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Nadine Gordimer 

at dinner while the bedrooms were being ransacked upstairs. The man and his wife, talking of the 
latest armed robbery in the suburb, were distracted by the sight of the little boy's pet cat effortlessly 
arriving over the seven-foot wall, descending first with a rapid bracing of extended forepaws 
down on the sheer vertical surface, and then a graceful launch, landing with swishing tail 
within the property. The whitewashed wall was marked with the cat's comings and goings; and on 
the street side of the wall there were larger red-earth smudges that could have been made by the 
kind of broken running shoes, seen on the feet of unemployed loiterers, that had no innocent 

When the man and wife and little boy took the pet dog for its walk round the neighborhood 
streets they no longer paused to admire this show of roses or that perfect lawn; these were hidden 
behind an array of different varieties of security fences, walls and devices. The man, wife, little boy 
and dog passed a remarkable choice: there was the low-cost option of pieces of broken glass 
embedded in cement along the top of walls, there were iron grilles ending in lance-points, there were 
attempts at reconciling the aesthetics of prison architecture with the Spanish Villa style (spikes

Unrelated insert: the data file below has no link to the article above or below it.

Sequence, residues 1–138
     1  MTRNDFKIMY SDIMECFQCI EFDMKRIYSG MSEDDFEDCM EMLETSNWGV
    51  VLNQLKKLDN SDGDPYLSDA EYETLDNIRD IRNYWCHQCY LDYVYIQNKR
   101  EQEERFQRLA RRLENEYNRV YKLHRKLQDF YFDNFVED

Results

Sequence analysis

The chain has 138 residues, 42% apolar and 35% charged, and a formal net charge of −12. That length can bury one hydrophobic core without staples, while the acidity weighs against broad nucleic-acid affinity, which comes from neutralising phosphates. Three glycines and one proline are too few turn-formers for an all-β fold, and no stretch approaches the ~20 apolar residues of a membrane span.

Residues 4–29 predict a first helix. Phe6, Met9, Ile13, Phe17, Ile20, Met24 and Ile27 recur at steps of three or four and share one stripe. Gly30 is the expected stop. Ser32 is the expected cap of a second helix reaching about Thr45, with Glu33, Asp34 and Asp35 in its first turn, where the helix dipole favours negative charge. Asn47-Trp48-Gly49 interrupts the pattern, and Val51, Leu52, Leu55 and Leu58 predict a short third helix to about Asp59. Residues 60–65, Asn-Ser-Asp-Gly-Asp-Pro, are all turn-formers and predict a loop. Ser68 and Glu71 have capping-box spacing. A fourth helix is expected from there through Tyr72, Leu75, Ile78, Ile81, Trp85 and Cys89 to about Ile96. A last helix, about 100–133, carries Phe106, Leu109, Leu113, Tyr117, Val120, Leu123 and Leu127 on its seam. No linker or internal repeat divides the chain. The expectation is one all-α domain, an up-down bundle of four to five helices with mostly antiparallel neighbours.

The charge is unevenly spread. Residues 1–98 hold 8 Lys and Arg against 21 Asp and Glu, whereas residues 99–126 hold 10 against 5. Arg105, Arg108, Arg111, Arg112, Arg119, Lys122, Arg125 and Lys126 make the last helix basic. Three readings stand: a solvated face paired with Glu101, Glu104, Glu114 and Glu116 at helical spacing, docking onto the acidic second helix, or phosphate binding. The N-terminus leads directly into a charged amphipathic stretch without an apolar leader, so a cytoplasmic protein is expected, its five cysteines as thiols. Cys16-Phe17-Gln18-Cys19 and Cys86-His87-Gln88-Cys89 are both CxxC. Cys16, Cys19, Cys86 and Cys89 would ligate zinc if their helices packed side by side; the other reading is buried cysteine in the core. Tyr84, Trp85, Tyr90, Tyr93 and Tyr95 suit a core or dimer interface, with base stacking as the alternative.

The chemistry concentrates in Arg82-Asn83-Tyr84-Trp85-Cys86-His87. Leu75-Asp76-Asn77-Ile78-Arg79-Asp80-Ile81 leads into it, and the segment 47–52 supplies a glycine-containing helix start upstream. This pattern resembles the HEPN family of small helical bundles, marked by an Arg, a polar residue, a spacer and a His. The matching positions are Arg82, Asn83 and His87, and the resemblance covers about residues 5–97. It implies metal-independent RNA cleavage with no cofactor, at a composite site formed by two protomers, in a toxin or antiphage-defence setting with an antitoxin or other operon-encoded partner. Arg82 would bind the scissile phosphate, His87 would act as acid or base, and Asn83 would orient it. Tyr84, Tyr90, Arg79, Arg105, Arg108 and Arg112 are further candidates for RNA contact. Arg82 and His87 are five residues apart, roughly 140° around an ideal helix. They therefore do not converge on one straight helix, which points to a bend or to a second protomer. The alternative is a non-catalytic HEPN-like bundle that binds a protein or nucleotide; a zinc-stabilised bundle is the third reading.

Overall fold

painted pink) and with the plaster urns of neoclassical facades (twelve-inch pikes finned like 
zigzags of lightning and painted pure white). Some walls had a small board affixed, giving the 
name and telephone number of the firm responsible for the installation of the devices. While the 
little boy and the pet dog raced ahead, the husband and wife found themselves comparing the 
possible effectiveness of each style against its appearance; and after several weeks when they paused 
before this barricade or that without needing to speak, both came out with the conclusion that only 
one was worth considering. It was the ugliest but the most honest in its suggestion of the pure 
concentration-camp style, no frills, all evident efficacy. Placed the length of walls, it consisted of a 
continuous coil of stiff and shining metal serrated into jagged blades, so that there would be no way 
of climbing over it and no way through its tunnel without getting entangled in its fangs. There 
would be no way out, only a struggle getting bloodier and bloodier, a deeper and sharper hooking 
and tearing of flesh. The wife shuddered to look at it. Y ou're right, said the husband, anyone would 
think twice... And they took heed of the advice on a small board fixed to the wall: Consult 
DRAGON 'S TEETH The People For Total Security. 

Next day a gang of workmen came and stretched the razor-bladed coils all round the walls of 
the house where the husband and wife and little boy and pet dog and cat were living happily ever 
after. The sunlight flashed and slashed, off the serrations, the cornice of razor thorns encircled the 
home, shining. The husband said, Never mind. It will weather. T he wife said, Y ou're wrong. They